When it comes to the party itself – everything they say about the club is true. It’s an atmosphere of acceptance, freedom and love and you generally feel like you can be yourself. For us who have a general feeling of not really belonging anywhere – this is the one place we can relax and feel not only welcome, but actually a part of something. People usually focus on the sexual aspect of this but it’s so much more than that. While I’ve never actually been accepted into Berghain without being on the list (I once cued three times in a row cause I wanted to see Karenn live and got turned down every time) – I can’t really be mad because it’s down to the bouncers and their gut feeling for who might disrupt the fine equilibrium which helps Berghain keep being an oasis of freedom. Ironically, we are all judged only to establish if we can truly be a part of the no-judging zone.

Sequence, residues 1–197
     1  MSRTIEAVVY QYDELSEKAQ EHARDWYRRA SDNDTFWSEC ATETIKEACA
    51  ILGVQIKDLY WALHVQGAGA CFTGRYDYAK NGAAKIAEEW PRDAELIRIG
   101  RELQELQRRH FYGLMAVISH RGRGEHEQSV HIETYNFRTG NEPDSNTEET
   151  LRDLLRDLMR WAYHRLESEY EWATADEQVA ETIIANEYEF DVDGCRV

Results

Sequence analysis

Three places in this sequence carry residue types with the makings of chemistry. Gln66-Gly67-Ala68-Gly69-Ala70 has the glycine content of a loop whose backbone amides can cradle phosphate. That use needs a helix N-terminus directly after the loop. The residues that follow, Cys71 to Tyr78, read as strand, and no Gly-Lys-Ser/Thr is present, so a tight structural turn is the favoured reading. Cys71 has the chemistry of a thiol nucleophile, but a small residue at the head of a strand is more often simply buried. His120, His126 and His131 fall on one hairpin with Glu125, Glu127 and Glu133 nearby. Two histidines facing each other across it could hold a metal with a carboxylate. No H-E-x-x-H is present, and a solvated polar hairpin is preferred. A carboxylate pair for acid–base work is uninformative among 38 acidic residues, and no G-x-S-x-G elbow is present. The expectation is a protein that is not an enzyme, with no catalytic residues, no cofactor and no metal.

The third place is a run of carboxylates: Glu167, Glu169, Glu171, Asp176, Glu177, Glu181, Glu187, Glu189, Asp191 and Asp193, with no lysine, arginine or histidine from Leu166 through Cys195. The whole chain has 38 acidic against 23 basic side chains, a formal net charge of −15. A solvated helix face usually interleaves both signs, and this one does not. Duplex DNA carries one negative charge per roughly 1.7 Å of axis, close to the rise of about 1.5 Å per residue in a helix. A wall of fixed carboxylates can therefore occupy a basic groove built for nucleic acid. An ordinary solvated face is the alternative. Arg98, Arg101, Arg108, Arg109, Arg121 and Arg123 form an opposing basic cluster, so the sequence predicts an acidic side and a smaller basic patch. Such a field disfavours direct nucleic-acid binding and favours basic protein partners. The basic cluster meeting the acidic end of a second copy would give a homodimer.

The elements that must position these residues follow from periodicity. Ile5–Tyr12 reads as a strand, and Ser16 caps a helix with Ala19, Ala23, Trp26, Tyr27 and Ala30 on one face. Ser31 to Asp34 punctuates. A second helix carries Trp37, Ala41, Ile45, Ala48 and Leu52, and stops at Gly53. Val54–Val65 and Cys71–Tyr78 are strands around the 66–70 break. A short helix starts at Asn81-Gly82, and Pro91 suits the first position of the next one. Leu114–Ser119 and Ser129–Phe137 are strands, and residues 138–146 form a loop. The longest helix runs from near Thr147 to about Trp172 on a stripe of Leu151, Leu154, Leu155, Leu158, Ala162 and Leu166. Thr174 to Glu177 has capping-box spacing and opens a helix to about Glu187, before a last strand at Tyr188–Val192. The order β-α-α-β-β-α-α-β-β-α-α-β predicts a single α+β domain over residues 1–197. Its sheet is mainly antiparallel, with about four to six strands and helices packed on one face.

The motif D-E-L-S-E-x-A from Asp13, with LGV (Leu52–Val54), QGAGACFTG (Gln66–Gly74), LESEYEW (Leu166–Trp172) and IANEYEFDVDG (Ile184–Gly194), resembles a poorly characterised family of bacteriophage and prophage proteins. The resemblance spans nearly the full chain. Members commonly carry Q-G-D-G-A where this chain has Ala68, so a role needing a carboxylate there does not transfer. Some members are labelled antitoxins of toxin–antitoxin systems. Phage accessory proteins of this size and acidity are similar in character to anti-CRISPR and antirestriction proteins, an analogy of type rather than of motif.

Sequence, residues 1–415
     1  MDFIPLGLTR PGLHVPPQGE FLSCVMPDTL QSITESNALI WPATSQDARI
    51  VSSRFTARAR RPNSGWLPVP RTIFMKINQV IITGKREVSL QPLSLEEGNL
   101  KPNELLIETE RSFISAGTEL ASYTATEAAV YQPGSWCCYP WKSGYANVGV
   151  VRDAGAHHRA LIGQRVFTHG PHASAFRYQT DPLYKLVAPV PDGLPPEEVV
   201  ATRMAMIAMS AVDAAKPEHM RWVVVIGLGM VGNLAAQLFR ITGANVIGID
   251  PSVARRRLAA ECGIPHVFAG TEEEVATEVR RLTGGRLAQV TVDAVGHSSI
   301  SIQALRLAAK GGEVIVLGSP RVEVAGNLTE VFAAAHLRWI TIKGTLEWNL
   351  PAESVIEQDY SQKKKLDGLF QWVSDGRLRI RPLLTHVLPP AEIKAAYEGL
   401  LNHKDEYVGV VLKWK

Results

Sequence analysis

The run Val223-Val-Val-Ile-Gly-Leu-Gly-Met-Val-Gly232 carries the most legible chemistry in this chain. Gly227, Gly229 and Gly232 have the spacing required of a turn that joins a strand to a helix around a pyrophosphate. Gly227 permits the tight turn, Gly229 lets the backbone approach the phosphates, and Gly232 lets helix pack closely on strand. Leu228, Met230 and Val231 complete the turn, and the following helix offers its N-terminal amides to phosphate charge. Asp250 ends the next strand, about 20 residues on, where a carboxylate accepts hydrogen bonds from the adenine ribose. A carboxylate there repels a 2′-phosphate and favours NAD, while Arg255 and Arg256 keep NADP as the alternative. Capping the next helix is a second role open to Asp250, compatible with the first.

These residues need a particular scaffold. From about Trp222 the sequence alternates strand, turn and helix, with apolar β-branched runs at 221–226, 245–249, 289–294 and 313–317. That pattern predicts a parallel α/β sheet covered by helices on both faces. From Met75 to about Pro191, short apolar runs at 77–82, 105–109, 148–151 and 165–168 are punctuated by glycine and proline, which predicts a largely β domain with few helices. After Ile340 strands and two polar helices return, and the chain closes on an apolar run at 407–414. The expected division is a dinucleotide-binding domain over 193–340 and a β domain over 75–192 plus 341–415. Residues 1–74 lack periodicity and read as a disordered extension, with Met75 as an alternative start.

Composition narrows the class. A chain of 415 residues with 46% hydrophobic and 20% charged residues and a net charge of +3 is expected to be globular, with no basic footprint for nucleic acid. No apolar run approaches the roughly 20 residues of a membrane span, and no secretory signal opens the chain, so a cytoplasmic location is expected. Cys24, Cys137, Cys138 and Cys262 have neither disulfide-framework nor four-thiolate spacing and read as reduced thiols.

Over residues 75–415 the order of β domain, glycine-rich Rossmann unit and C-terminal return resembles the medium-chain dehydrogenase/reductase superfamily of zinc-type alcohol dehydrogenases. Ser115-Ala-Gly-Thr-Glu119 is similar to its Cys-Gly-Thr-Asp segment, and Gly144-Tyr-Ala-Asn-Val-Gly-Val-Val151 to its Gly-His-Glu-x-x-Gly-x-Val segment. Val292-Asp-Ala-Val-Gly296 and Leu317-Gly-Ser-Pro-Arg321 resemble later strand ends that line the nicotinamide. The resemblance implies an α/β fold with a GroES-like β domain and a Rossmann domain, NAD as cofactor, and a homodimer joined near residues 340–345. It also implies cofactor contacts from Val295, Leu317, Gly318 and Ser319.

Anyway, back to the gig. I was initially supposed to play 12-16 on Sunday afternoon which I was looking forward to because then I get to have a good night’s sleep and the people coming in are well rested which means I can go full beast-mode on them. In a timetable shuffling they moved me to 5-9 Sunday morning which initially made me feel a bit disappointed, but when I came to Berlin and realized how hot it was I realized it was actually the perfect time because the temperature during my set would be the best for dancing and enjoying yourself on the dance-floor. Berghain featured me in their description for the night so it didn’t really matter when I would play anyway I guess, there would be people there to hear me. My only worry was that I would be too sleepy for my slot (no matter how much you sleep before the gig – if your your biological clock is used to something else you’re fucked), but since I had a gig in Mostar a few days before that and spent a lot of time on an inverted sleep schedule – I seemed to be at ease with being awake at the time. Had a Red Bull just in case. I’m ready. Barker was playing before me and he did his thing, state-of-the-art melodic journey. I thoroughly enjoyed it, especially the last track which was beatless (I think it was Maximum Utility off of his new EP) and was just a trip to enjoy with your eyes closed. I was very nervous up to a point when I just started lying to myself that it’s just another gig and that I should just do my job the way I always do. I started off with an old school classic – Tres Demented (Carl Craig & Laurent Garnier) – Demented (Or Just Crazy). It has a long intro which helps build it up and give me some time to go through tracks and tag them (I never prepare my sets, but when I get to the club and feel the vibe I do like to tag a bunch of tracks which seem right for the night and then come back to them throughout the set). Long intros also help set a slower general pace. The pace setting is important because if you are used to 2 hour sets you want to generally go guns-blazing as there’s not too much time to leave a good impression. If you have 4 hours ahead of you then you have time for a journey and the idea is to take it slowly and give both your audience and yourself room to enjoy the ups and downs.